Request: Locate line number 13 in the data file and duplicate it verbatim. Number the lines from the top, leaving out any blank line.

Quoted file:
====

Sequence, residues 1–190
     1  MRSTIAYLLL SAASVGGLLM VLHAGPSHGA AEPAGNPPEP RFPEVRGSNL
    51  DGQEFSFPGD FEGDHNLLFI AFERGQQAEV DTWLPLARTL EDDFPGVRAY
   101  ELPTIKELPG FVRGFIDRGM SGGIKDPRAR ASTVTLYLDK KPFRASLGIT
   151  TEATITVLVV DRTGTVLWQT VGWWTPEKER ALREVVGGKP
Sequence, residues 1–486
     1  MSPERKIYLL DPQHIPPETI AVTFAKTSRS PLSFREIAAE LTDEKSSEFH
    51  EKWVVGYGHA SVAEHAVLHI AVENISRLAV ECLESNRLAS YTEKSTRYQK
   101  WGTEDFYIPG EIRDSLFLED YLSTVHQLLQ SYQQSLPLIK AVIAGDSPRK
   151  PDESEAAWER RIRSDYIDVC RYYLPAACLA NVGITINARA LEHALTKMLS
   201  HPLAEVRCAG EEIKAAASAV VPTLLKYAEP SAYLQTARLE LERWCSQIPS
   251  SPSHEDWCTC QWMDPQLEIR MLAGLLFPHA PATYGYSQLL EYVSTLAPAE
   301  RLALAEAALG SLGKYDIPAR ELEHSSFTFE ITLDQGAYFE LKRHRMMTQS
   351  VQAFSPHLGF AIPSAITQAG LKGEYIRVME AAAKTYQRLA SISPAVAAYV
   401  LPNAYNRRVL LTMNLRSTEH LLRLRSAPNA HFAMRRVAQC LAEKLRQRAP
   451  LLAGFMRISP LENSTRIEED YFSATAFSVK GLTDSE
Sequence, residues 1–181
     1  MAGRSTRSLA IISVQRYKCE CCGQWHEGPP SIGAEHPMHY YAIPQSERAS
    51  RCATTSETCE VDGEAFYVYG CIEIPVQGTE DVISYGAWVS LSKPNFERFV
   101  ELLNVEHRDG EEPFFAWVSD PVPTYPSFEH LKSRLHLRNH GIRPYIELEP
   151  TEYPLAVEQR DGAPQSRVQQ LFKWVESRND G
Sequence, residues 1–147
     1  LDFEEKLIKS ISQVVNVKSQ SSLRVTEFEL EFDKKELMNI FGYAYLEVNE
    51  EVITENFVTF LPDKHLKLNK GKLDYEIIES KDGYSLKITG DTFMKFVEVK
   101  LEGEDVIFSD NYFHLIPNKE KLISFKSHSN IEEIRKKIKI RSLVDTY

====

   301  RLALAEAALG SLGKYDIPAR ELEHSSFTFE ITLDQGAYFE LKRHRMMTQS